Nuclear Waste : Orano signs billion-euro package deal to return radioactive waste to Germany

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Orano has signed a contract with several German energy companies regulating the return of high-level nuclear waste to the country.

The French nuclear group signed the agreement with electricity companies EnBW, PreussenElektra, RWE and Vattenfall. The contract outlines and formalises a previously existing agreement between France and Germany.

Between 1997 and 1991, contracts between Orano and the mentioned utility companies regulated the treatment and conditioning (referring to the conversion of radioactive waste into stable form for better transport, storage and disposal) of nuclear waste originating in German reactors as well as the recycling of used fuel cells.

Nuclear fuel contained in uranium pellets still retains energy after five years in a reactor. Countries such as France reprocess and recycle long-lived spent nuclear fuel. As such, transported nuclear waste is first cooled in deep water pools for several years (typically 2-5) prior to the extraction of isotopes that can still be used as reactor fuel. This waste is then solidified, a process that generates excess thermal energy. It is then cooled over several decades prior to its permanent storage and disposal. Said product-both in its initial liquid as well as solid state-is referred to as high-level radioactive waste.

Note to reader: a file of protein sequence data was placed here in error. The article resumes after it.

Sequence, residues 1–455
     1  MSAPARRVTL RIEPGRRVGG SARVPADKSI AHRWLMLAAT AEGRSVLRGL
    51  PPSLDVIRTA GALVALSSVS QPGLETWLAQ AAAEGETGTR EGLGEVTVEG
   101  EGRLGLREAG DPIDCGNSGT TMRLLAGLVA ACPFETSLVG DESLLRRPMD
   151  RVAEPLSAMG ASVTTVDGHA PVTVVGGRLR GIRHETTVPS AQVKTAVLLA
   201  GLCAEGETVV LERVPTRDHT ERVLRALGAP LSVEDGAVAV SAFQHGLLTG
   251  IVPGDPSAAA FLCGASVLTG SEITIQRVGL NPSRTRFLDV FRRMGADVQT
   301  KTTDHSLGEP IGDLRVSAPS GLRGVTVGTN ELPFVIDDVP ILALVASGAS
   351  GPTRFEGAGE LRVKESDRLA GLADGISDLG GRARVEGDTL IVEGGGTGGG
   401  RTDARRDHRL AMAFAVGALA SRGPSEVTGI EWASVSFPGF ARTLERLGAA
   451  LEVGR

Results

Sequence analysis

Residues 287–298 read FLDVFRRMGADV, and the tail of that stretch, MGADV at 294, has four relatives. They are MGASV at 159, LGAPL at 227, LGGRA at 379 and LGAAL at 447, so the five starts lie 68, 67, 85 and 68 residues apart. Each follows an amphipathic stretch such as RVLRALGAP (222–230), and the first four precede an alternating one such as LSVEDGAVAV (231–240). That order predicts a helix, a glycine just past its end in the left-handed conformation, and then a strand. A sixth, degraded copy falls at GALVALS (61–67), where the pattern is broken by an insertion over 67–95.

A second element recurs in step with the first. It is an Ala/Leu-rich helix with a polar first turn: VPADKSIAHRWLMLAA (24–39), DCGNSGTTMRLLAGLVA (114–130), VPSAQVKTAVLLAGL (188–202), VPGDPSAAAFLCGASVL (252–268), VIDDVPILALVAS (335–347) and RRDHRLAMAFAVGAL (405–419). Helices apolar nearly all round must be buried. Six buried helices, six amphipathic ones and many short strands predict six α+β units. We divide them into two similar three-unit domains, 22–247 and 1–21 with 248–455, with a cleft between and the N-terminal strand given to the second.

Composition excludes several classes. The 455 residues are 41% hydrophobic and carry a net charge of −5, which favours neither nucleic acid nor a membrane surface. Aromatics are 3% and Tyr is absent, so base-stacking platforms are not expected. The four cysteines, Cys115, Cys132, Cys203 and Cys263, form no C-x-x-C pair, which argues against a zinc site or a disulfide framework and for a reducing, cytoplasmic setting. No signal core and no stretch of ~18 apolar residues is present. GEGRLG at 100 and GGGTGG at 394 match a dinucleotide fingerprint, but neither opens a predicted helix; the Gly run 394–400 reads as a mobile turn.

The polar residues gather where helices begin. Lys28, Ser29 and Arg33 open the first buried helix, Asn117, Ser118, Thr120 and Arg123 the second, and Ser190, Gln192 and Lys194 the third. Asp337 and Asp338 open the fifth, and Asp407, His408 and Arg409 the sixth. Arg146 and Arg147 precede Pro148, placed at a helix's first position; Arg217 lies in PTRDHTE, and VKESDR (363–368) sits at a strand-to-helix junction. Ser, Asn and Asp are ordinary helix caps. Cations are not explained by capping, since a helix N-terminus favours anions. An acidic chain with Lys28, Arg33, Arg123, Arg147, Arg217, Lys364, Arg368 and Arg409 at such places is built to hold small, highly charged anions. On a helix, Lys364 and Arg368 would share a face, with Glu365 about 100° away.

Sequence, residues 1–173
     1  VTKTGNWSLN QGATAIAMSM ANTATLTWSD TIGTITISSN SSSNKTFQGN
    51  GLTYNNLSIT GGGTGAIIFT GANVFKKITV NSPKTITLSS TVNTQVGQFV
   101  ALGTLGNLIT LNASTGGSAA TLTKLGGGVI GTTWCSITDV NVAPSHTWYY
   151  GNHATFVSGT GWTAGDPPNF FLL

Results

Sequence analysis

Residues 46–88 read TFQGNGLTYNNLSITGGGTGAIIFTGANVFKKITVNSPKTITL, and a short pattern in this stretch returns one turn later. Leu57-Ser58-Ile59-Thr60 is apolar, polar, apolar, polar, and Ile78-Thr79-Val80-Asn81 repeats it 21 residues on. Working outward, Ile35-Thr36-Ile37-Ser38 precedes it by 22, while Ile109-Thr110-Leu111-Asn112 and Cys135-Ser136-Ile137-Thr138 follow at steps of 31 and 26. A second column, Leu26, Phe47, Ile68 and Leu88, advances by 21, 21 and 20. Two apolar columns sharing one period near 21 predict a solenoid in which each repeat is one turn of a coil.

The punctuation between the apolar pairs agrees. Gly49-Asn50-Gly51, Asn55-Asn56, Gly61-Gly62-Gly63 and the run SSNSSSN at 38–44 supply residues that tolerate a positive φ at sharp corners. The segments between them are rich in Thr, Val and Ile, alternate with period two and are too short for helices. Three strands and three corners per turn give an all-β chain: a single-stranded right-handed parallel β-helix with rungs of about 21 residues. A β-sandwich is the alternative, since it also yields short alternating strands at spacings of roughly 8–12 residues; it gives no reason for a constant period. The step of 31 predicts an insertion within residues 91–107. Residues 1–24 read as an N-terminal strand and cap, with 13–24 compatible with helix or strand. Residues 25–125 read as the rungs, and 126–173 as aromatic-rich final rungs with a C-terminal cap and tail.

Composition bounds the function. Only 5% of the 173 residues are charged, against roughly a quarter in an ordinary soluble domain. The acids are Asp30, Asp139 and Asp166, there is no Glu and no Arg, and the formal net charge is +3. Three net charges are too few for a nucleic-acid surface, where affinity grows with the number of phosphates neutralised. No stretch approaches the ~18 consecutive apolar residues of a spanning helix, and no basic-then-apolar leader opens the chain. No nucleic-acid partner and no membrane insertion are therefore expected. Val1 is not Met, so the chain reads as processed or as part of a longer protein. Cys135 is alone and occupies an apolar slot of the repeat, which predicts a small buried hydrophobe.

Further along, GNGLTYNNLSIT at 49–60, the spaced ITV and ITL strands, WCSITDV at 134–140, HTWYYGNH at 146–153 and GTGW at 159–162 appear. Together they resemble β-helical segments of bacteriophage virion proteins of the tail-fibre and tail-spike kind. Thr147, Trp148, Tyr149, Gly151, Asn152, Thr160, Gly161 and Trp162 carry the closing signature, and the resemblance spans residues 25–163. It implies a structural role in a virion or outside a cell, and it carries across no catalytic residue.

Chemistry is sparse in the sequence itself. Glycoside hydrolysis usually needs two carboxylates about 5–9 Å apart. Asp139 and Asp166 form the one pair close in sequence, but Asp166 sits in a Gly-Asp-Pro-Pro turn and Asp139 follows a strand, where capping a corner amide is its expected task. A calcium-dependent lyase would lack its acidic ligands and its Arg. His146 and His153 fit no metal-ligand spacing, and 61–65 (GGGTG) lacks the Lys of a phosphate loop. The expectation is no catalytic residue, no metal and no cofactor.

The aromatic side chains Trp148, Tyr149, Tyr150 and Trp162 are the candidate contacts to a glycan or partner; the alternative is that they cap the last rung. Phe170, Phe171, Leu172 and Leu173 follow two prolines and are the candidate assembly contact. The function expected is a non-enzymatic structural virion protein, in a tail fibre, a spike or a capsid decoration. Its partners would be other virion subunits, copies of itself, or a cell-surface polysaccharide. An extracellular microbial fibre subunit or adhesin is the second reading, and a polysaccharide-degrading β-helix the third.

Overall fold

While high-level waste mostly requires cooling and refers to used fuel, intermediate and low-level waste merely requires shielding rather than cooling, with disposed managed relatively quickly after production due to its mostly short-lived radioactivity.

Altogether, 5310 metric tonnes of German fuel were processed at Orano’s La Hague plant situated in Normandy, the reprocessing of said nuclear waste having completed in 2008.

So far, 97% of high-level waste has been returned to Germany.

Transportation of the remaining intermediate level waste was initiated by the French government as national law prohibits the retainment of reprocessed nuclear waste in the country.

A train counting 100 containers is supposed to transport the spent fuel from the Hague plant to Germany by 2024.

The German Federal Ministry of Economics and the Federal Ministry for the Environment jointly published a paper in June detailing specifics concerning possible storage locations. According to said information paper, three to five casks will be returned to the Phillipsburg interim storage facility at Baden-Württemberg while thirty casks devoid of fuel elements will be transported to the Ahaus interim storage facility.

Germany has also mobilised the German Nuclear Waste Management Fund (Fonds zur Finanzierung der Kerntechnischen Entsorgung, KENFO) to finance the transport of the processed nuclear waste. The respective energy supply companies have paid more than €24 billion into a common pot going to said fund.

Yet the real problem goes beyond transportation as the country does not have a long-term storage solution for nuclear waste.